UPDATED Friday Nov. 14: Macworld received the following statement from Adobe: “Lyft inaccurately reported that Adobe has partnered with them on Lyft for Work. Adobe currently offers a diverse portfolio of commute alternative programs for its employees; however, Adobe has not entered into a partnership with Lyft and therefore, none of its commute programs include Lyft at this time.” The article below has been updated to remove Adobe from the list of Lyft for Work partners.
Lyft’s roots are in carpooling, so it’s no surprised that the ride-sharing startup’s latest move is aimed at simplifying your commute. The company already
carpooling feature called Line, but its new Lyft for Work initiative makes your commute easier by letting your employer foot the bill.
Lyft is partnering with 29 companies to launch the new program, which lets employers give their staff Lyft credits to use on their commute. The app uses
geofencing to tie credit use to specific locations, like an office or a subway stop. Employers can also institute time restrictions—Stripe, for instance,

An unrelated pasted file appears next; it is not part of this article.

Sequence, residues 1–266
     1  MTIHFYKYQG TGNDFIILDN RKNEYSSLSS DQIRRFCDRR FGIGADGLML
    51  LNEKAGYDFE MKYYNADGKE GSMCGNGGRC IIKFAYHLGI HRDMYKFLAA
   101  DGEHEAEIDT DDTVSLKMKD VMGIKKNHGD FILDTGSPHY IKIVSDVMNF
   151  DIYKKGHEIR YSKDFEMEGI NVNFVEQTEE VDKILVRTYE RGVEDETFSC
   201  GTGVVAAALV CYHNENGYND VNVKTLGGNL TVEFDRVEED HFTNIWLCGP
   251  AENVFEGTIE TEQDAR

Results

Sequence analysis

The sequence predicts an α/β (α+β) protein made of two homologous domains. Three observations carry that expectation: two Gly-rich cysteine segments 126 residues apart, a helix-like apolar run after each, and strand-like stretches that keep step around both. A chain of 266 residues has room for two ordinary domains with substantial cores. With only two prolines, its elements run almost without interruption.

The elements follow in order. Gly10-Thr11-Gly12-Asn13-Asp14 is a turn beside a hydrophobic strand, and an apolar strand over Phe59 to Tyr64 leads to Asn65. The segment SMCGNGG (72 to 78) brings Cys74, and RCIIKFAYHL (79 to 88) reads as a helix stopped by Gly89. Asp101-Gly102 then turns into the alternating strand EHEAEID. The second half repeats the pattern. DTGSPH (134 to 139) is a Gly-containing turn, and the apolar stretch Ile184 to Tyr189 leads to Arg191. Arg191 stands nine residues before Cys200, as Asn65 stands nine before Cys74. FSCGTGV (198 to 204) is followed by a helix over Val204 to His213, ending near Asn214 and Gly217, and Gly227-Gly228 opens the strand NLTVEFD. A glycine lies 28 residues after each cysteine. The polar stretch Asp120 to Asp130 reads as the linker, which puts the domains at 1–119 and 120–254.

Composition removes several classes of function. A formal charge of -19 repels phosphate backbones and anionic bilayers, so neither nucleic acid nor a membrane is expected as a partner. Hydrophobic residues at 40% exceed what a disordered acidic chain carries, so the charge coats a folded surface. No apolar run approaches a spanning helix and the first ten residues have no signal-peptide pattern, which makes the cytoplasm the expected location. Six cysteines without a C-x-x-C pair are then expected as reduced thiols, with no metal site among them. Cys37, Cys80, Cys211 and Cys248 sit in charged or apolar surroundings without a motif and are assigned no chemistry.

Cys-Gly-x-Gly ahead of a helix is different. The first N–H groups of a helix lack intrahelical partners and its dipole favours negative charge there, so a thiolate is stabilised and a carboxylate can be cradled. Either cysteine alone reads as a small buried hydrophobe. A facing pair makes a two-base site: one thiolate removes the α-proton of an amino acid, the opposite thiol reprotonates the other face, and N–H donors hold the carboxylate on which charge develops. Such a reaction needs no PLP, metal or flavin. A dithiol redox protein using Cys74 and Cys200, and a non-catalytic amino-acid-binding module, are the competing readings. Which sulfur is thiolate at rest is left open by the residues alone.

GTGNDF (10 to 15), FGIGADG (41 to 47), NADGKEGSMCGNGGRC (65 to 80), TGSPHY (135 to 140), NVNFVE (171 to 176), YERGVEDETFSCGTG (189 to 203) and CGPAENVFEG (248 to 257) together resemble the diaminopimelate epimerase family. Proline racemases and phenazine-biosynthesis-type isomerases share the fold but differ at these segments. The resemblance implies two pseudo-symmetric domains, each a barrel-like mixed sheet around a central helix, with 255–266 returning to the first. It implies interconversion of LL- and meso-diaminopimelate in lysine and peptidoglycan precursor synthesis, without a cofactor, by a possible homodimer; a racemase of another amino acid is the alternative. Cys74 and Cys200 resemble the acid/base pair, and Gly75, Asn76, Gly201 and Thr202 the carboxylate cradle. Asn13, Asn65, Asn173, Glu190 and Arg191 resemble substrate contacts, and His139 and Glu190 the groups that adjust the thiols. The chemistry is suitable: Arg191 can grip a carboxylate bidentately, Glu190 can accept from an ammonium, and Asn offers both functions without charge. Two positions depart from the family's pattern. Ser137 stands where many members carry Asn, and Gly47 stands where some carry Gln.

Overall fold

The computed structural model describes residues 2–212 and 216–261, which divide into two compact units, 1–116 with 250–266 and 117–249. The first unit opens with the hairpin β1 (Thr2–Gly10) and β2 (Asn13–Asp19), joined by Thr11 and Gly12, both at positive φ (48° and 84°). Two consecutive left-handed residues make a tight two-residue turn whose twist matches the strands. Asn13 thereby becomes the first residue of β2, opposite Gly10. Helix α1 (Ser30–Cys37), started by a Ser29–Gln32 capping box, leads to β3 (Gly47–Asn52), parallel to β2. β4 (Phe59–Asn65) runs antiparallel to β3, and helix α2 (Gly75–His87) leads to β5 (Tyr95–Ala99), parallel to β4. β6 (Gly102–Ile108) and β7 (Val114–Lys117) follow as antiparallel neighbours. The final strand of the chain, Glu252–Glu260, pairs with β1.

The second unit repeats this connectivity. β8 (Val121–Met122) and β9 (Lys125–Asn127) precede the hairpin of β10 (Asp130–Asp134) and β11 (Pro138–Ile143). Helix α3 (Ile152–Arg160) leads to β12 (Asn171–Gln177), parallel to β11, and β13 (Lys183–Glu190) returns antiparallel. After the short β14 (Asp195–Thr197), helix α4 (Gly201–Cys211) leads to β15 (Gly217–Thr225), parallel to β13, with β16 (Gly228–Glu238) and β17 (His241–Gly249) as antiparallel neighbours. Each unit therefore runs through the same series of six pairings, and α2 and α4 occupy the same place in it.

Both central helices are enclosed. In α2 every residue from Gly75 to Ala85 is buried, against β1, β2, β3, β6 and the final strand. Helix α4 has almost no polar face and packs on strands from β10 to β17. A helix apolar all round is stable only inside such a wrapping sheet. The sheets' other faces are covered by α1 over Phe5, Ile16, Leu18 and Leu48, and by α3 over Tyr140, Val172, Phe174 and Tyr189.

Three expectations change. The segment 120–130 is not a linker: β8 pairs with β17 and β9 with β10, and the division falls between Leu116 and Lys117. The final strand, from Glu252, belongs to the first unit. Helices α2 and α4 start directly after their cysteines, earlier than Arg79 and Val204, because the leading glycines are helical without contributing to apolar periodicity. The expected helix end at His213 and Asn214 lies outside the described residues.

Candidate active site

is covering the cost of rides for employees who are stuck at the office after 8 p.m.
The program also covers rides to company events, one-time credits for job candidates, and the Lyft Line carpooling service to “encourage employees to share
their commute with other passengers headed in a similar direction,” Lyft said in a Thursday blog post announcing the program.
It’s no surprise that Lyft for Work’s early partners are other tech companies: Yelp, Postmates, Thumbtack, and Stripe are already on board.
Uber also has a corporate program, Uber for Business, which has seen thousands of businesses sign up for expense accounts since launching in July. Companies
create accounts, complete with billing info, and invite employees to join. Instead of dealing with paper receipts, Uber bills the corporate account
directly. Uber recently touted the time- and cost-saving benefits compared to taxi and black car services
for the companies who have already signed up. And while Uber doesn’t offer the geofencing or time restrictions that Lyft does, the company estimated that
just 5 percent of rides taken are “noncompliant,” or rides that shouldn’t be expensed on the company dime.
Why this matters:
Lyft is much smaller than Uber. Uber has a huge war chest—the company is reportedly looking to raise another billion to bring its value to $25 billion—yet
the two transportation tech companies continue to go rounds, matching feature for feature in the battle to win over customers. Enterprise is the next
target, and a highly coveted one, because businesses bring in big business.